In the light of the economy of salvation, the Church sees no conflict between proclaiming Christ and engaging in interreligious dialogue. Instead, she feels the need to link the two in the context of her mission ad gentes. These two elements must maintain both their intimate connection and their distinctiveness; therefore they should not be confused, manipulated or regarded as identical, as though they were interchangeable. (Redemptoris Missio 55)

In other words, it is far better to carry out the mission activity of the Church when relations between Christians and non-Christians is peaceful than it is over gunfire.


To the people who call the Muslims “animals” or “children of Satan,” who reject dialogue with them, I ask you this? Are we or are we not called to evangelize all nations? The answer is, we are called to evangelize. I ask you also, which is in keeping with evangelizing those who hate us? Showing love and respect to those we reach out to? Or showing hatred and contempt?

In calling for us to not give up on dialogue, the Church is not “living in a dream world,” or “compromising.” The Church is following the teaching of Christ. No matter how much people may hate us, we cannot hate them. We must love them. Otherwise, we’re no better than the pagans and tax collectors.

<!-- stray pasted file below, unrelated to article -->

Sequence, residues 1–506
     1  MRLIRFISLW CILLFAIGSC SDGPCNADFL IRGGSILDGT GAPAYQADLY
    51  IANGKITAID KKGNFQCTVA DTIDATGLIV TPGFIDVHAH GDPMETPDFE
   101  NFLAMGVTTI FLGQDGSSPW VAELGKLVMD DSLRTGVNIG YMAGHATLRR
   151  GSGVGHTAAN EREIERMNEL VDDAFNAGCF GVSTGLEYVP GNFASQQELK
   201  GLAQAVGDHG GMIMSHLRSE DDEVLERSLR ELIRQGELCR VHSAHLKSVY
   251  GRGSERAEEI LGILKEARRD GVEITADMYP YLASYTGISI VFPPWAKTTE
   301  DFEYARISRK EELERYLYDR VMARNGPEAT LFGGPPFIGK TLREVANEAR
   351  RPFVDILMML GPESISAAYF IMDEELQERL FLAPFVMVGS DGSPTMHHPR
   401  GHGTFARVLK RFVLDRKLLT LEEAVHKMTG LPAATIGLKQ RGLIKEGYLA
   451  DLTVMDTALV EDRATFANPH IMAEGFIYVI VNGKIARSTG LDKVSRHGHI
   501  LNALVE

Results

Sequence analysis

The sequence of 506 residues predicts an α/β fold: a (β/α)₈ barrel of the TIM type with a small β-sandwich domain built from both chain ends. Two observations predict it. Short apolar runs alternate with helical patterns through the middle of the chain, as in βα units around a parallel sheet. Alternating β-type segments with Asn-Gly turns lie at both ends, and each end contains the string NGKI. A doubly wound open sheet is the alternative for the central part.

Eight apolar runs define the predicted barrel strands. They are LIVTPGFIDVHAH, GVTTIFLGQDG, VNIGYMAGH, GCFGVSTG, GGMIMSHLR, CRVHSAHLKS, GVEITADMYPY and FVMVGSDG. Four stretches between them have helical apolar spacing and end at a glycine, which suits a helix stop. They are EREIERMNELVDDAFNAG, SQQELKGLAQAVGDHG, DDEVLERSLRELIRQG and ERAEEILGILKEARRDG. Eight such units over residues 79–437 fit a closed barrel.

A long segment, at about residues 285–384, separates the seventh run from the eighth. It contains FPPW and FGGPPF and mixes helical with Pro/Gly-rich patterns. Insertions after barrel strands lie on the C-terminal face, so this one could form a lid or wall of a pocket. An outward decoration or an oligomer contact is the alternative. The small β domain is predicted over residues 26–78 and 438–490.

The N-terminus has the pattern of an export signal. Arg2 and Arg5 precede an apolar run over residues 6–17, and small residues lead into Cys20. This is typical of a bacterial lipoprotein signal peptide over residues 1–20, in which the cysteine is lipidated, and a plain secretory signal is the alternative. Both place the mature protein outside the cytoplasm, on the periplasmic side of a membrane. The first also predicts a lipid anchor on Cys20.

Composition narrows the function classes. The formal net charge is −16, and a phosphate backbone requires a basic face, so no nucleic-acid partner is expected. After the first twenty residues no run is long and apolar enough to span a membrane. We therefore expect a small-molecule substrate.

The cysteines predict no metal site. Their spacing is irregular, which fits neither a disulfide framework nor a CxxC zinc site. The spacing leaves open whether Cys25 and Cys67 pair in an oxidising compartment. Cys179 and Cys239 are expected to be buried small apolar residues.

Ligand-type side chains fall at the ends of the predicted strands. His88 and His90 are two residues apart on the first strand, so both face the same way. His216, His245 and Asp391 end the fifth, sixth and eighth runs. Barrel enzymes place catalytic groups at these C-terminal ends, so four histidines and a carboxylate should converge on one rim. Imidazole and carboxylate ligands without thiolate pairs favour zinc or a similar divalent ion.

Saturday, November 8, 2014

TFTD: Do People Understand What the Church is For?

He then addressed this parable to those who were convinced of their own righteousness and despised everyone else. 10 “Two people went up to the temple area to pray; one was a Pharisee and the other was a tax collector. 11 The Pharisee took up his position and spoke this prayer to himself, ‘O God, I thank you that I am not like the rest of humanity—greedy, dishonest, adulterous—or even like this tax collector. 12 I fast twice a week, and I pay tithes on my whole income.’ 13 But the tax collector stood off at a distance and would not even raise his eyes to heaven but beat his breast and prayed, ‘O God, be merciful to me a sinner.’ 14 I tell you, the latter went home justified, not the former; for everyone who exalts himself will be humbled, and the one who humbles himself will be exalted.” (Luke 18: 9-14)